Based on the 1941 stage play by Lillian Hellman (who worked on the screenplay along with her lover, the acclaimed mystery novelist Dashiell Hammett, 1943's “Watch on the Rhine” sees Davis taking a less-showy role that the ones that fans are accustomed to seeing her in. Here, she plays the wife of German underground leader Paul Lukas. After 18 years in Europe, Davis and her family return to her home in Washington D.C. to begin a new life, only to discover that Nazi operatives in the states have discovered their whereabouts and are closing in fast. Lukas, who appeared in the original stage version, takes center stage here and his efforts resulted in his winning the Oscar that year for Best Actor, beating out Humphrey Bogart in “Casablanca.” The extras here include the cartoon “The Wise-Quacking Duck” and the musical short subject “Ozzie Nelson and His Orchestra.”
The final film in the set is 1946's “Deception,”which reunited Davis with her “Now, Voyager” co-stars Paul Henreid and Claude Rains and director Irving Rapper. This time around, Davis plays a pianist who begins an affair with wacko composer Rains when she fears that her true love, cellist Henreid, was killed in Europe during World War II. When Rains unexpectedly returns, she goes back to him and tries to keep her affair a secret from him–alas, Rains doesn’t want to be pushed aside and his refusal to leave quietly pushes her to the point of no return. In writing about this film when it was first released, critic Cecilia Ager famously described it by saying “It’s like grand opera, only the people are thinner.” and more than 60 years later, I can’t think of a better way of summing up this especially lurid melodrama that gets additional juice from the score from Erich Wolfgang Korngold. The special features collected here include a commentary track from film scholar Foster Hirsch, the shorts “Facing Your Danger” and “Movieland Magic.” the cartoon “Mouse Menace” and the trailers for both this film and the equally soapy Davis vehicle “A Stolen Life.”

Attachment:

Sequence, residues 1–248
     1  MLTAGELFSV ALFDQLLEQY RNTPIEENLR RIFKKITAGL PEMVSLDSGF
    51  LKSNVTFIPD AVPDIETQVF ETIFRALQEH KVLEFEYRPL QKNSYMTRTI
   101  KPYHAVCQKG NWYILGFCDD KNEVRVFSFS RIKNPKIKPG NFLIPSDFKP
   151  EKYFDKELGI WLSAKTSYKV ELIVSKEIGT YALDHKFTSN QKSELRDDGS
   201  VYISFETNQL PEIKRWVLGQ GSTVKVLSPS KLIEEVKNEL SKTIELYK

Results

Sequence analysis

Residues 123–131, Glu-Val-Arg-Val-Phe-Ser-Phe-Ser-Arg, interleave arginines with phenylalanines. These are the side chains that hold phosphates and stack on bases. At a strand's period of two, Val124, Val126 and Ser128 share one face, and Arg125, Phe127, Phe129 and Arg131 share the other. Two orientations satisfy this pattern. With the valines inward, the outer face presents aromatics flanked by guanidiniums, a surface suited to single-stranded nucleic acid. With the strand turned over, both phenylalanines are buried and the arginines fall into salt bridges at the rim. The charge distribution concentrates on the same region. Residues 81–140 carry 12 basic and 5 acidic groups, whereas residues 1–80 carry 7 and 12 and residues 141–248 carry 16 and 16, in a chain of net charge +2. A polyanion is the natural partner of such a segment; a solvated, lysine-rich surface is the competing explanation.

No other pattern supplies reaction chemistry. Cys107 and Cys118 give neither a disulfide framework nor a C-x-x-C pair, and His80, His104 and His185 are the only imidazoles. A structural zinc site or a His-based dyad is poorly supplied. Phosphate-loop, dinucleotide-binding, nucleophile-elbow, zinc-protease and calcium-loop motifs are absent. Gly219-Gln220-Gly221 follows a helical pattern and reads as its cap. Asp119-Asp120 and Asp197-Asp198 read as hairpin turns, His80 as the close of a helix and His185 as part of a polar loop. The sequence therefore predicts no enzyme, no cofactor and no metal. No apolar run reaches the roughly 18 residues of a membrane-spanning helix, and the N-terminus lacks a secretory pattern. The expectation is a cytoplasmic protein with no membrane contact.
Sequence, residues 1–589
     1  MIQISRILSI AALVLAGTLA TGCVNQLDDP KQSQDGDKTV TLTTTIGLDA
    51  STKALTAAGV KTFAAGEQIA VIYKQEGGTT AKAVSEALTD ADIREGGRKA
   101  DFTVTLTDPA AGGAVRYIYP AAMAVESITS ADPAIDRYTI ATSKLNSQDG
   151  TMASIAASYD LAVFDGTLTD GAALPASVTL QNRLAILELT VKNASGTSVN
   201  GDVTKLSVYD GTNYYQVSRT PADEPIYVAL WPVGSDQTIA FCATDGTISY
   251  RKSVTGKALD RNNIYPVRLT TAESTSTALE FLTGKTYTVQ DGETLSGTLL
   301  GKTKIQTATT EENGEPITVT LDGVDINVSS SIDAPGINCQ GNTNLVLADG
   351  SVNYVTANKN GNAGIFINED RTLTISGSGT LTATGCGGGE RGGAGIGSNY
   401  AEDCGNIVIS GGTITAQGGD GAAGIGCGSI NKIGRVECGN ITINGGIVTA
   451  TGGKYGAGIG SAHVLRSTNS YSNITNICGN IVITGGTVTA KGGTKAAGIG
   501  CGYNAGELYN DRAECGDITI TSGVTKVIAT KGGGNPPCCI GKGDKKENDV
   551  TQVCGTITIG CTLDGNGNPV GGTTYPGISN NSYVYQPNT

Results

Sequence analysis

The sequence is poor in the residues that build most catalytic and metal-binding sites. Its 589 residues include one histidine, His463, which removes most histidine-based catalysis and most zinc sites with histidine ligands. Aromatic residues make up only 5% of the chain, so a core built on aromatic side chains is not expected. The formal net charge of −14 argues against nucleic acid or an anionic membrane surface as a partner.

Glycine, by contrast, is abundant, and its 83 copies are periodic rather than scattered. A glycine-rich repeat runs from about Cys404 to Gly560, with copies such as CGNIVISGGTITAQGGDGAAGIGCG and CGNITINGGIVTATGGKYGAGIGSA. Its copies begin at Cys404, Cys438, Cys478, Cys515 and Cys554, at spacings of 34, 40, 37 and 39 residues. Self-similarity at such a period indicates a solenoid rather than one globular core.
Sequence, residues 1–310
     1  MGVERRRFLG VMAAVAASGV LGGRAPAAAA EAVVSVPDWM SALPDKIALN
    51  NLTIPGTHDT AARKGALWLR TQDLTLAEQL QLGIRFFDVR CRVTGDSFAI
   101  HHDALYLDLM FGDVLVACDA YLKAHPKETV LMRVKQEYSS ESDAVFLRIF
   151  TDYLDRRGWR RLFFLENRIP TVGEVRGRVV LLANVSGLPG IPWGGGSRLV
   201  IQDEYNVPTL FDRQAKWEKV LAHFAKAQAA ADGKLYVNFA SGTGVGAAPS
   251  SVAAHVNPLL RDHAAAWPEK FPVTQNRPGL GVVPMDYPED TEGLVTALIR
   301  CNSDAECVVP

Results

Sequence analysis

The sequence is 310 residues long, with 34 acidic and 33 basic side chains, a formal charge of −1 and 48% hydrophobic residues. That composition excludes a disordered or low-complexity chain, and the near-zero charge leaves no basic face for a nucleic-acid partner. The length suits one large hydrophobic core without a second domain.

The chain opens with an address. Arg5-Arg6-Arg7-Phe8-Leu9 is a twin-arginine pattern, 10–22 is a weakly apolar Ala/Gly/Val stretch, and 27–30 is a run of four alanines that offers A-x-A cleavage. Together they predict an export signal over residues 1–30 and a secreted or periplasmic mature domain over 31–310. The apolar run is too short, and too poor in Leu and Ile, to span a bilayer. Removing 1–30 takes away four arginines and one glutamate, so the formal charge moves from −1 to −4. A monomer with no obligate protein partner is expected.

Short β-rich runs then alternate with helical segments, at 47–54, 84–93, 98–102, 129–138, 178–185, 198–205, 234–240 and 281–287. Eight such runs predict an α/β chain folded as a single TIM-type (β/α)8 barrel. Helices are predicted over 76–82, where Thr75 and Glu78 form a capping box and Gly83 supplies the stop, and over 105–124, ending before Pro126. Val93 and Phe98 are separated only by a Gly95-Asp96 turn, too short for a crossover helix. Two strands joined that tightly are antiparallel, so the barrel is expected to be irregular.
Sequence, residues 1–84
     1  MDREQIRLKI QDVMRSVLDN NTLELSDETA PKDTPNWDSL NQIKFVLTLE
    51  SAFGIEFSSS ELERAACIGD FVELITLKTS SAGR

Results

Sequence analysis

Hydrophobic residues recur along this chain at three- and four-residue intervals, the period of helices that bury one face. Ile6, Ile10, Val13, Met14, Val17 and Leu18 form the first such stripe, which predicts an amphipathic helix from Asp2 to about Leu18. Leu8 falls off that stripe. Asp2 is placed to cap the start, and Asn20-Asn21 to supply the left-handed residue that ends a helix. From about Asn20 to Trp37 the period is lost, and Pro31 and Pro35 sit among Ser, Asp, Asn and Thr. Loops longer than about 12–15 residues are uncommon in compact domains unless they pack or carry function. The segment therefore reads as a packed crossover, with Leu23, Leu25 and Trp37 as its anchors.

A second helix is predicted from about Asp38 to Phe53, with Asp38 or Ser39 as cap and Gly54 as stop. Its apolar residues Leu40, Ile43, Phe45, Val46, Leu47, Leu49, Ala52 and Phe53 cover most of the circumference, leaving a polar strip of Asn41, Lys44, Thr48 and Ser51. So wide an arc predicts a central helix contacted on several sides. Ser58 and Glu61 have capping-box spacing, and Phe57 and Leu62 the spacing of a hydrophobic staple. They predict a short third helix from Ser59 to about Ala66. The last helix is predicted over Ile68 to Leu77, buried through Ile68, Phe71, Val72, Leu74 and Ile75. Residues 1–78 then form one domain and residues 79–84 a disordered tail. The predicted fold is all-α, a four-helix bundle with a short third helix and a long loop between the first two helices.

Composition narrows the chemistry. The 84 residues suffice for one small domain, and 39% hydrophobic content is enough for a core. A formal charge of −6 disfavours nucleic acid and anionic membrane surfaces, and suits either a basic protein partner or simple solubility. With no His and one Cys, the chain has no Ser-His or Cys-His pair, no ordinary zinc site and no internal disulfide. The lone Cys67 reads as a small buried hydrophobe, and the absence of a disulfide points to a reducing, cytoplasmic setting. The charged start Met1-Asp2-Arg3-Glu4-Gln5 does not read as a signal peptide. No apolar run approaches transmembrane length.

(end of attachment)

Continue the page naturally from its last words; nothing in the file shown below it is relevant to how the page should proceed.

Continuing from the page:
A Warner Home Video release. $59.98 (BUY IT TODAY!) (Check Out the Official Site)
NEW AND NOTABLE
ALVIN & THE CHIPMUNKS (Fox Home Entertainment. $29.99): Well, thanks a lot, America–you really did it this time. You took one of the more unpalatable ideas for a feature film–a full-length adaptation of the novelty record-cum-Saturday morning cartoon about the misadventures of musically-inclined vermin featuring grisly-looking CGI chipmunks, embarrassed-looking flesh-and-blood performers like Jason Lee and David Cross and plenty of poop jokes–and transformed it into a surprise smash hit whose astronomical grosses (upwards of $200 million in ticket sales alone) have all but assured that we will be inundated with sequels, spinoffs and repackaging of previously-released Chipmunk material for the next few years. Seriously–what the hell were you thinking?